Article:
Development issue/problem:

I’m new to android and I’m trying to define a style for all the checkboxes of my application. The style of my application is set to Theme.Holo, which is dark, and I want the checkboxes in my vision list to appear in Theme.Holo.Light style. I’m not trying to create an individual style. The next code doesn’t seem to work, nothing’s happening. I have to do this because my list view has a light paper structure and the check box and the text in the box are white, which I would like to be dark.

You can also define styles for individual widgets if you want to define a style for an application ?

How can I solve this problem?

Solution 1:

Pay attention: Are you using the Android Support Library v22.1.0 and aiming for API level 11 or higher? Scroll down to the latest update.

The style of my app is set to Theme.Holo, which is dark, and I want the checkboxes in my vision list to be in Theme.Holo.Light style.
I’m not trying to create an individual style. The following code doesn’t seem to work
, nothing happens at all.

At first glance, it may not be clear why the system behaves this way, but if you study the mechanics, you can easily distract it. I’ll take you one step at a time.

First, let’s see what defines the Widget.Holo.Light.CompoundButton.CheckBox style. For the sake of clarity I have also included a definition of regular (not light) style.

As you can see both declarations are empty, wrap the Widget.CompoundButton.CheckBox with a different name. So let’s take a look at this style of parenting.

This style applies to both the background and the button display. btn_check_label_background is only a patch 9, so it is not very interesting in this respect. However, ?android:attr/listChoiceIndicatorMultiple indicates that an attribute based on the current topic (which is important for the implementation) will define the actual representation of the CheckBox.

Since listChoiceIndicatorMultiple is a topic attribute, you will find several ads for it – one for each topic (or none if it inherits from a parent). So it looks like the following (other attributes have been omitted for the sake of clarity):

So this is where the real magic happens: The actual appearance of the CheckBox is determined by the theme’s attribute listChoiceIndicatorMultiple. Now, the phenomenon you see is easy to explain: Because the look is based on the theme (and not on the style, because it’s just an empty definition) and you inherited it from Theme.Holo, you always get a checkbox that matches the theme.

Now, if you want to change the look of your CheckBox for the Holo.Light version, you need to take a copy of these sources, add them to your local sources and use a custom style to apply them.

Regarding your second question:

You can also define styles for individual widgets if you want to define a style for an application ?

Absolutely, and they overwrite any activity or style applicable.

Is it possible to define a theme (style with images) in the
widget? (…) Can this selector be used: link?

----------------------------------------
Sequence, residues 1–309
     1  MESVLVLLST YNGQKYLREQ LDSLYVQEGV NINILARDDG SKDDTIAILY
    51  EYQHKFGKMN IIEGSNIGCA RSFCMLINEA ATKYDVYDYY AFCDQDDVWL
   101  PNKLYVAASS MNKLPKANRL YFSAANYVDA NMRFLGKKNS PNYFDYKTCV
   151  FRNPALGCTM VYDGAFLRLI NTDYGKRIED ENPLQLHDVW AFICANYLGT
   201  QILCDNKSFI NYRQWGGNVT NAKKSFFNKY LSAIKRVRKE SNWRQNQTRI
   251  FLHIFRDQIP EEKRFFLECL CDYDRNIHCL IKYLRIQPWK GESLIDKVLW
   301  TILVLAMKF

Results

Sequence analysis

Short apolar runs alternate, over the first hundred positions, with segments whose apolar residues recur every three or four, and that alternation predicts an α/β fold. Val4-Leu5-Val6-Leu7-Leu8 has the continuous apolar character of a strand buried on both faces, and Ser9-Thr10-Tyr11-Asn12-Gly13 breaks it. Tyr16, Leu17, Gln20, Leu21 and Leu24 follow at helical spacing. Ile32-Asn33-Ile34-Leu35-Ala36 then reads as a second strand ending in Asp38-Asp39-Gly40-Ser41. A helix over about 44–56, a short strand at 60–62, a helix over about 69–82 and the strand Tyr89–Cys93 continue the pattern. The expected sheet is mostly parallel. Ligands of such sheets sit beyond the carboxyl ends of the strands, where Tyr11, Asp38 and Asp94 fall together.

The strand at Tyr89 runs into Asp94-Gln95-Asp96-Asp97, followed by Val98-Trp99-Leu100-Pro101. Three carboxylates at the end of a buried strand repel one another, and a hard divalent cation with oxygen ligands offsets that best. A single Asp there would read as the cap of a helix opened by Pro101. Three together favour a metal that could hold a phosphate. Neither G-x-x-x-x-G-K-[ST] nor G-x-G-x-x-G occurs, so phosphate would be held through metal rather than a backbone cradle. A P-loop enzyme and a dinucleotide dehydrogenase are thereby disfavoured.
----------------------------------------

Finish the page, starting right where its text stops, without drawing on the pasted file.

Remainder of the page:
Update :

Let me start by saying that you should not rely on Android’s internal resources. There’s a reason why you can’t access the namespace internally.

However, the system resources can be accessed by searching them by name. Consider the following code fragment:

int id = Resources.getSystem().getIdentifier(btn_check_holo_light, drawable, android);
((CheckBox) findViewById( ;

The first line actually gives the ID of the rendered source btn_check_holo_light. Since we have already determined that it is the button picker that determines the appearance of the checkbox, we can define it as a button that can be drawn on the widget. The result is a CheckBox with the appearance of the Holo.Light version, no matter which theme/style you have defined in the application, activity or widget in the xml. Since this will only configure the drawn button, you will have to use other styles, such as B. for the appearance of the text, adjusted manually.

The result is displayed below the screenshot. The top box uses the method described above (I manually set the xml text in black), and the second box uses the standard holo-style theme (not luminous, so not bright).

The screenshot shows the result

Update2 :

With the introduction of the v22.1.0 support library, everything has become much easier! Quote from the release notes (emphasis added):

Lollipop has added the ability to replace a view level theme with the XML attribute android:theme – incredibly useful for things like dark action bars on light events. Now AppCompat enables the use of android:theme for toolbars (replacing the previous app:theme support) and, even better, brings android:theme support to all views on devices with API 11+.

In other words: You can now apply a theme to each view, which greatly simplifies the first task: All you have to do is specify the theme you want to apply to the corresponding view. That is, in the context of the original question, compare the following results:

The first check box is designed as if it were used in a dark theme, the second as if it were used in a light theme, regardless of the actual theme setting of your activity or application.

Of course, you should stop using the caveat and use hardware instead.

Solution 2:

Maybe that’s enough for you.

xml sth.


For your reference, just get over here

Solution 3:

The right way is to design the equipment:



It incorporates the hardware animation into Lollipop+.

Solution 4:

Maybe you want something like:

Note that the element textColor.

Solution No 5:

In the previous answer, also in the section… you might need it:

Good luck!

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